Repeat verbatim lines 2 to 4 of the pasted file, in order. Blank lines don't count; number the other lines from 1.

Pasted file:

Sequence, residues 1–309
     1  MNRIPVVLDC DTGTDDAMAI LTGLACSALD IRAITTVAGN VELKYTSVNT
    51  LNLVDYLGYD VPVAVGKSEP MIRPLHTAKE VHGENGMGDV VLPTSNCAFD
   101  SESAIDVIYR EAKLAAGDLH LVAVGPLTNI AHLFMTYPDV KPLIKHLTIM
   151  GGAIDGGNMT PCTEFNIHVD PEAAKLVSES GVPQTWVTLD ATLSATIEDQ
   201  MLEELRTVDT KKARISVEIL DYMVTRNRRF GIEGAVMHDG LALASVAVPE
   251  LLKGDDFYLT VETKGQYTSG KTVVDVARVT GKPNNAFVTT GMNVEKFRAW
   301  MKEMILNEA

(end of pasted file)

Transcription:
     1  MNRIPVVLDC DTGTDDAMAI LTGLACSALD IRAITTVAGN VELKYTSVNT
    51  LNLVDYLGYD VPVAVGKSEP MIRPLHTAKE VHGENGMGDV VLPTSNCAFD
   101  SESAIDVIYR EAKLAAGDLH LVAVGPLTNI AHLFMTYPDV KPLIKHLTIM